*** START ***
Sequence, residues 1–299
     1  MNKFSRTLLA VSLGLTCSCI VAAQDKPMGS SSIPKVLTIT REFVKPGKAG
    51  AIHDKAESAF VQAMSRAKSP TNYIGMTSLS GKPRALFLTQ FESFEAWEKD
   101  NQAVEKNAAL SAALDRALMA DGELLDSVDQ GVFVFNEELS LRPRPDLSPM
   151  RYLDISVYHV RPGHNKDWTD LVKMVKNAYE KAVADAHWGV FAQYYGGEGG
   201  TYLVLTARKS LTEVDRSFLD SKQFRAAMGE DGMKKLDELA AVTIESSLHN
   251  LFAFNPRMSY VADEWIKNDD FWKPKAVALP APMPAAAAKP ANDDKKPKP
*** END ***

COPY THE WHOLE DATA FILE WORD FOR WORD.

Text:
Sequence, residues 1–299
     1  MNKFSRTLLA VSLGLTCSCI VAAQDKPMGS SSIPKVLTIT REFVKPGKAG
    51  AIHDKAESAF VQAMSRAKSP TNYIGMTSLS GKPRALFLTQ FESFEAWEKD
   101  NQAVEKNAAL SAALDRALMA DGELLDSVDQ GVFVFNEELS LRPRPDLSPM
   151  RYLDISVYHV RPGHNKDWTD LVKMVKNAYE KAVADAHWGV FAQYYGGEGG
   201  TYLVLTARKS LTEVDRSFLD SKQFRAAMGE DGMKKLDELA AVTIESSLHN
   251  LFAFNPRMSY VADEWIKNDD FWKPKAVALP APMPAAAAKP ANDDKKPKP